When Boston-born Julie Hickey first arrived at Queen’s University in Belfast as an exchange student, the last thing she probably ever expected was to meet her future husband, Derry man Kevin Hickey – not to mind that she would find herself making cheese in the Sperrin Mountains, Co Derry, one day.

“I couldn’t understand a word he was saying,” laughs the former politics student, “and that’s what kept us strong all through the years!”

And indeed, the couple are now among the up-and-coming food producers putting the north west on the map with their award-winning Tamnagh Foods and Dart Mountain Cheese range, with accolades including a gold medal at the recent World Cheese Awards.

Kevin and Julie and their four children Tom (20), Maya (17), Ronan (12) and Maeve (6) live and work in the Sperrins in Tamnagh Lodge, a former hunting lodge built in 1790, which they bought in 2004.

“Originally, it would have had 3,500 acres; today we only own 13. It’s significant to me!” laughs Kevin.

“The good thing about moving into a hunting lodge is that there is a room there to gut your animals, but in terms of insulation … not so much,” jokes Julie.

But part of Tamnagh Lodge’s attraction was an existing outbuilding where the Hickeys could start their own cheese business.

Despite their respective degrees in politics and business economics, the couple have worked in food nearly all of their careers: Julie as a chef and Kevin with an organic farmers co-op, as well as a stint running their own restaurant, which is when they first spotted a gap in the market for a Northern Irish cheese.

“It was just something that we noticed when we had the restaurant: for 30, 40 years, a profusion of fantastic cheeses all scattered through the south of Ireland, each as distinct as the next, and there just wasn’t that up here. We thought: ‘Well, there’s an opening,’” explains Julie.

Having attended a cheese-making course with Silke Cropp of Corleggy Cheese in Co Cavan, Julie began to experiment with recipes in her kitchen to develop her own range from scratch, before tackling the tricky challenge of how to scale up production.

“You say: ‘OK, well I’ve cracked it in a 10 litre stock pot. Now let’s scale it up.’ You know, we’re currently working at a 500 litre vat and so that’s taken some tweaking,” she explains.

“It’s the watching and waiting part in the early days: to see what’s going to happen three months, six months, a year down the road, when you finally core into that cheese and see if your calculations and your method have been correct.”

Meanwhile, Kevin tackled the business end, from applying for planning permission and a diversification grant to convert the existing shed into the dairy, to working through the rules and regulations to bring the cheese to the market.

“So the cheese needs to have a name, the cheese needs to have sort of fixed weights, the cheese needs to have a barcode, the cheese needs to have wrapping and a box, the cheese has to be delivered…,” lists Kevin, who explains that because there hasn’t been a cheese-making culture in the area, it was a steep learning curve for all involved.

By June 2014, however, the Hickeys released their first cheese, Sperrin Blue, having already secured a listing with Henderson’s Foodservice to distribute it to restaurants and cafés.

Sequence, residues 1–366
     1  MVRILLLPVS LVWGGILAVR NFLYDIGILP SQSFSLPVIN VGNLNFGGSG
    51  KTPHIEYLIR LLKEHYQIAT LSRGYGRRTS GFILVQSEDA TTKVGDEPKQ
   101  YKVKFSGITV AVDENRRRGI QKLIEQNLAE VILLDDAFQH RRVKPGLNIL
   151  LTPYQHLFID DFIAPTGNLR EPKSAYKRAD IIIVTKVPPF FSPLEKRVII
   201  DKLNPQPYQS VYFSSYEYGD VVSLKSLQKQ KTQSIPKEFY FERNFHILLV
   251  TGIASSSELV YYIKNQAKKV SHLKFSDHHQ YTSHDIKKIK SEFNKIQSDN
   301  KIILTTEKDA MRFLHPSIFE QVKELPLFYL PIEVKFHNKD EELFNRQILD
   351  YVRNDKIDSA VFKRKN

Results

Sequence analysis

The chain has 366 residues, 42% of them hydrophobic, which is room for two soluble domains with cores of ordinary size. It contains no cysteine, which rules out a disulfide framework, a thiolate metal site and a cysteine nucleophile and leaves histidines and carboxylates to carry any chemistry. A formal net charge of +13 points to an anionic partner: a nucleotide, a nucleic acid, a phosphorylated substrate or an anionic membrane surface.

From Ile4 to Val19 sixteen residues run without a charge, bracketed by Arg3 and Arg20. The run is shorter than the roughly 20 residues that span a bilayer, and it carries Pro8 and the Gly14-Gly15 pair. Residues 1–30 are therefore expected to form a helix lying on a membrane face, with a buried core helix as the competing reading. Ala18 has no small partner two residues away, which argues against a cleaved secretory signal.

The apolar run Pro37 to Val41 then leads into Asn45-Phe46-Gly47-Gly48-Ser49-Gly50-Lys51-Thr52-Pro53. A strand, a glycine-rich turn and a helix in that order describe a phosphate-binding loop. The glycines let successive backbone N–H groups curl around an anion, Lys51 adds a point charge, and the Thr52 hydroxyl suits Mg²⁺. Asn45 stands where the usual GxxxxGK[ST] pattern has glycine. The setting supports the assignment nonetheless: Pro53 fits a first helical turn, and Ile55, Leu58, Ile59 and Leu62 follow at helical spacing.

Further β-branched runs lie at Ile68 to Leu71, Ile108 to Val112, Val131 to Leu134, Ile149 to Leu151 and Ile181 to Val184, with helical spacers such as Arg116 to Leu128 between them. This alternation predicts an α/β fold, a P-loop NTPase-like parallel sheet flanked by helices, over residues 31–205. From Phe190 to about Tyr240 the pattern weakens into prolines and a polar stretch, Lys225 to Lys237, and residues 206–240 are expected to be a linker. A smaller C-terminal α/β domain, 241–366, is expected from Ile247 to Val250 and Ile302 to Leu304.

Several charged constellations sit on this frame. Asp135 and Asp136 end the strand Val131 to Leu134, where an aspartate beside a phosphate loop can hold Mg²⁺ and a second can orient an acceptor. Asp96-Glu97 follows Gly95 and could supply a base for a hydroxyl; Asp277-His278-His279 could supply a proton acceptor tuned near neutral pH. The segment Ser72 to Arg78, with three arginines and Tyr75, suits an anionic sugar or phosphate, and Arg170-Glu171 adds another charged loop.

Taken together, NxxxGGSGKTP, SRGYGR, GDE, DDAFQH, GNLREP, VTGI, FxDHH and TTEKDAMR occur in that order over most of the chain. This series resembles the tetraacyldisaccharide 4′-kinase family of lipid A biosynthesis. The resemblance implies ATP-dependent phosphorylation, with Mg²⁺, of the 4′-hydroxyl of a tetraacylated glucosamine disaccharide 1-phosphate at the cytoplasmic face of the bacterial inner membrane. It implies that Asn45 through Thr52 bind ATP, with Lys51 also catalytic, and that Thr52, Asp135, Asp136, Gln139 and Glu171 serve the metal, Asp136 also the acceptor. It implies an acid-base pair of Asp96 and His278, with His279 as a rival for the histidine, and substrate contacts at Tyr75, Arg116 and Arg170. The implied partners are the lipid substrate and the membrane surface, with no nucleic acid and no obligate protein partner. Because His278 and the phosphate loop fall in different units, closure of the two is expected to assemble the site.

“So we started supplying them and that allowed us to get up and running,” says Kevin.

Made with milk sourced from Strathroy Dairy in Co Tyrone, the range today includes the mild and creamy “Sperrin Blue”, the Alpine-style “Kilcreen”, the ash-coated “Dart Mt, Dusk”, the local-beer-washed “Banagher Bold”, and the long-aged “Tirkeeran”.

With Hendersons and also La Rousse looking after distribution for food service, the Hickeys have concentrated in developing other markets: namely, sales to shops and delis, servicing their own delivery route locally and offering next-day delivery across the island of Ireland with Fastway couriers, online sales via their website and direct sales at food festivals and events.

This approach has given Tamnagh Foods a variety of revenue streams, though Kevin explains that with cheese-making, cash flow is a challenge, given the amount of time it takes from the day you buy in the milk to when the cheese is ready to sell; and when you actually get paid.

“It could be five months; and that’s our short-aged cheese. If you take our long-aged cheese, that’s 12, 14 months later,” he says.

More concerning, however, is the uncertainty surrounding Brexit; for example, when deciding whether it’s worthwhile to push sales in the Republic if a special arrangement is not negotiated and tariffs are introduced.

Making a complement

However, the Hickeys are working hard to make their business as resilient as possible by thinking outside of the box. For example, they have introduced a range of granolas, chutneys and pickles to complement the cheeses, while they are involved in a local food tourism network and hope to build an extension this year to open a visitor centre for tours and tastings.

They have also explored export overseas – currently supplying the Globus chain in Switzerland – while they have been proactive in entering a number of competitions, with prizes at the Blas na hÉireann Irish Food Awards, Great Taste and, most recently, going gold at the World Cheese Awards.

So, what’s the secret to working together as a couple?

“Just avoid each other!” laughs Kevin, before elaborating that taking on distinct roles has worked for them.

“We definitely have a different approach,” qualifies Julie, “but where we want to get to and how we want to get there is basically the same.”

And – their jokes about accents apart – when it comes to Tamnagh Foods, they are definitely speaking the same language.

For further information, visit www.tamnaghfoods.com.